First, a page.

Types of Documents We Can Draft For You
- Correspondence with the opposing party or their lawyer
- Conference briefs, including case conference briefs, settlement conference briefs, and trial management conference briefs.
- Notices of Motion
- Offers to Settle
Drafting services can be instrumental to the quick and desirable resolution of your claims. Many of the court forms are self-explanatory, and the Ontario Government provides instructions on filling out many forms. However, the documents you file are of critical importance. An Application, Notice of Motion, or Answer is a judge’s first exposure to the case, and any accompanying affidavits setting out your supporting facts will be used by the judge to evaluate the strength of your claims in contrast to the other party’s.
Often people without experience in legal drafting include unnecessary or inappropriate information in their correspondence or their pleadings (for example, attacking their spouse’s conduct), instead of focusing on the facts relevant to the matter at hand. A cleanly written, accurate, and balanced statement of facts supporting your claims will give the judge the best possible view of your position. This will in turn make any court appearance easier, because the judge will already be aware of all the relevant information, and you will know what parts of your information to highlight, and how to frame your issues.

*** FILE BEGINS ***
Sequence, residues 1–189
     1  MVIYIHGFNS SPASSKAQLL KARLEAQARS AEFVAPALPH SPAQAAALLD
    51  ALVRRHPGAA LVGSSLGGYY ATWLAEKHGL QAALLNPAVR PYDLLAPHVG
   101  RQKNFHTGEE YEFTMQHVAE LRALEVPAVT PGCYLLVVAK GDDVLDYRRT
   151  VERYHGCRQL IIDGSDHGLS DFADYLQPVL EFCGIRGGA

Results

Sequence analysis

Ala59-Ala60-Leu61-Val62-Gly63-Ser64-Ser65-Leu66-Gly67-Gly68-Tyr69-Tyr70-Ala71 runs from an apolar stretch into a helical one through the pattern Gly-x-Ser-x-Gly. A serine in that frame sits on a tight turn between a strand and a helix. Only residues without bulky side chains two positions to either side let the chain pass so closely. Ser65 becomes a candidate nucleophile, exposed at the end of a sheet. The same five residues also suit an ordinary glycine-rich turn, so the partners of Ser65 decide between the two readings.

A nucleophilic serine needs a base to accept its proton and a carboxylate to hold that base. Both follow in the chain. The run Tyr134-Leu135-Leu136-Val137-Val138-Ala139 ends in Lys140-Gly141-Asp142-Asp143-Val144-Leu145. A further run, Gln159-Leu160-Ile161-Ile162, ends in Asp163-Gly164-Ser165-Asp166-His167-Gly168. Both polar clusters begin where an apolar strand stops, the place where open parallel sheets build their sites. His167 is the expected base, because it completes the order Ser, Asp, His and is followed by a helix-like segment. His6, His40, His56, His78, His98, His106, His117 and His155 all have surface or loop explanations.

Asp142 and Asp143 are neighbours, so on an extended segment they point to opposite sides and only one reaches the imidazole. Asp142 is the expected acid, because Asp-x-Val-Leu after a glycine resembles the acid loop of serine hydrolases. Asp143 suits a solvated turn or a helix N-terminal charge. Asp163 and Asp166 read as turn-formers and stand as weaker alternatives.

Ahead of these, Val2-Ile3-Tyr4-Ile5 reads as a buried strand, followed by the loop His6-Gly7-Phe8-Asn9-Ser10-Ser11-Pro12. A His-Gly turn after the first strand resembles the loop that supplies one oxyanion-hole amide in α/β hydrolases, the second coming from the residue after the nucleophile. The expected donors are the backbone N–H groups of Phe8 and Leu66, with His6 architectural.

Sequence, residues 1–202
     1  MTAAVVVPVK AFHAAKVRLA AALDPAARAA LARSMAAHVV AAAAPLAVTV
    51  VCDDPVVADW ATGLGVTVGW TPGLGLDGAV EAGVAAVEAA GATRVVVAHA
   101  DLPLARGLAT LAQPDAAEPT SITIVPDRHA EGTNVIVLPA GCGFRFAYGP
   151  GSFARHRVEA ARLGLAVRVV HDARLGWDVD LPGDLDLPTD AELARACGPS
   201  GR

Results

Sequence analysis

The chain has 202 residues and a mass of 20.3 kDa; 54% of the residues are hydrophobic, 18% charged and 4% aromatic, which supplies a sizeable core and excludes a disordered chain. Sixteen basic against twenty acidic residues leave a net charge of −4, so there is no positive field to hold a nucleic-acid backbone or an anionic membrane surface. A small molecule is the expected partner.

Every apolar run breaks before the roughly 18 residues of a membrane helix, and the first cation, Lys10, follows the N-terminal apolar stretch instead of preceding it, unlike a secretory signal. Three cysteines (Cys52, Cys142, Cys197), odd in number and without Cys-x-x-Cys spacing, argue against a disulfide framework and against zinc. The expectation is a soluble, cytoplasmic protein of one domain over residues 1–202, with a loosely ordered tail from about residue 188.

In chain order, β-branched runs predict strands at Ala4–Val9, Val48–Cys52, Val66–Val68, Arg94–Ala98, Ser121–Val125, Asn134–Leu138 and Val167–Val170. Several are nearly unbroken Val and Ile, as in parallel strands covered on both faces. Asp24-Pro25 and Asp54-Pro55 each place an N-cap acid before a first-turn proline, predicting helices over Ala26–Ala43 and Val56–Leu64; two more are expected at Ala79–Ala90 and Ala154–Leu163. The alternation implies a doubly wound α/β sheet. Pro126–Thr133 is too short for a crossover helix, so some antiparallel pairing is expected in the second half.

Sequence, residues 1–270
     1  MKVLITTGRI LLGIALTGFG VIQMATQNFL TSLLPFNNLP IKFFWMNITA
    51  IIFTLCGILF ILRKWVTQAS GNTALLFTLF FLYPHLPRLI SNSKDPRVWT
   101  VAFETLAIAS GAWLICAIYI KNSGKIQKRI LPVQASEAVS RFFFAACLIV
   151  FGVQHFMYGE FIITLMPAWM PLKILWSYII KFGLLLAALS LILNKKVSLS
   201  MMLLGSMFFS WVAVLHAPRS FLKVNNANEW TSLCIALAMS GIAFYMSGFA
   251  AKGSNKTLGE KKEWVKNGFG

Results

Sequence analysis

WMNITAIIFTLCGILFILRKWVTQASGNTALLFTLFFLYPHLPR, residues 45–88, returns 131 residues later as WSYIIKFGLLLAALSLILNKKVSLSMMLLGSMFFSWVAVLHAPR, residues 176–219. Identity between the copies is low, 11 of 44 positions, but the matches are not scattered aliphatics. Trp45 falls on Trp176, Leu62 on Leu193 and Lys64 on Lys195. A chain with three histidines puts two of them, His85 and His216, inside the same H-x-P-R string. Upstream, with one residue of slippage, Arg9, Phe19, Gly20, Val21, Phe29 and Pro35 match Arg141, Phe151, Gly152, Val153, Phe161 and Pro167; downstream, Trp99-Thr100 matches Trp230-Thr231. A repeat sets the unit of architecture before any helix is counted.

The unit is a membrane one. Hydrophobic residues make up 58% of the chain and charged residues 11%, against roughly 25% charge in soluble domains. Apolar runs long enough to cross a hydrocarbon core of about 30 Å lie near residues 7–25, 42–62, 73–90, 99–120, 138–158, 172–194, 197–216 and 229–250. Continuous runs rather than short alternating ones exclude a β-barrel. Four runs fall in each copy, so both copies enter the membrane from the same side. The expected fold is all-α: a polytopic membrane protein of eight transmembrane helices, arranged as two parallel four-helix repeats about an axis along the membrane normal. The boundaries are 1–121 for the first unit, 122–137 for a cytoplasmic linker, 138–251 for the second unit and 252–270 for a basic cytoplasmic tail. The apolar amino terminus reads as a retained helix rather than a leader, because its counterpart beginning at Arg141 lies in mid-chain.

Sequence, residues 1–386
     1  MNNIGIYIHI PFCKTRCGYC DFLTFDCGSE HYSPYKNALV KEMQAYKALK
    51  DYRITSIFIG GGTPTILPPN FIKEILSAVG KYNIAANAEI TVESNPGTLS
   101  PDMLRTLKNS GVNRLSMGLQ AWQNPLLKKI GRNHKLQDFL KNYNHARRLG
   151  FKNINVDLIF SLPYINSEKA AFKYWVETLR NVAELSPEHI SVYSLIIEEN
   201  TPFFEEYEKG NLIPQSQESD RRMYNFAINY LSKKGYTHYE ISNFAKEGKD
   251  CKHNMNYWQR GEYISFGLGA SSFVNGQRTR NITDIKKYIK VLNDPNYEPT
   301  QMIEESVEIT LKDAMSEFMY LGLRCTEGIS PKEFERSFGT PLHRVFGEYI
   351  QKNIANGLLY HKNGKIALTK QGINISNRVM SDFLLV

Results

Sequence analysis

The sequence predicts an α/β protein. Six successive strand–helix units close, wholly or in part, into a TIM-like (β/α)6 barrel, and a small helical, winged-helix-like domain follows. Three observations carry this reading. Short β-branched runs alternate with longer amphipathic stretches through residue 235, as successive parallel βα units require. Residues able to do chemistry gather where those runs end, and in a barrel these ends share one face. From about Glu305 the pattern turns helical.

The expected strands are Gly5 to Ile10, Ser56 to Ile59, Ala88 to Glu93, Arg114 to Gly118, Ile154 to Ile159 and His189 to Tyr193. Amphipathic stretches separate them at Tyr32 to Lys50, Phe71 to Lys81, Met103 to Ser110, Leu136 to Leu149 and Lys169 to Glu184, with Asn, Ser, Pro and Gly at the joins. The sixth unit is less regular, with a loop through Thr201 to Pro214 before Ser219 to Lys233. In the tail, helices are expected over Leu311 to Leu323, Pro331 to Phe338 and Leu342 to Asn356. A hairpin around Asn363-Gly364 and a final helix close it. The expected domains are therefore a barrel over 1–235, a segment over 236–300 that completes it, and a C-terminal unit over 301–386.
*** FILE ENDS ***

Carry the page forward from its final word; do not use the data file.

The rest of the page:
A lawyer will know what facts best support your claim, and will ensure all important and relevant information is included, in order to support your argument to the best of your ability. A lawyer will also be able to cite the relevant case law that best supports your position. You do not want to leave out essential information when dealing with matters that will affect your future finances, and your children’s lives. Equally important is for a lawyer to advise you as to what should not be included in your court materials, as framing something in the wrong fashion may be detrimental to your case.
It may therefore be worthwhile, and cost effective, to have one of our lawyers draft your pleadings, affidavits, briefs, or notices of motion. If you retain us on a limited retainer basis, we can advise you on what position to take or how to argue a point. Conversely, if we do not draft, review and approve the communication, we cannot be held responsible for it, or for what you ultimately communicate to the court or the other party.
Above is a list of some of the specific documents we can draft. See The Layperson’s Guide to Procedural Rules for more information on each of these elements of your case, and what each stage entails.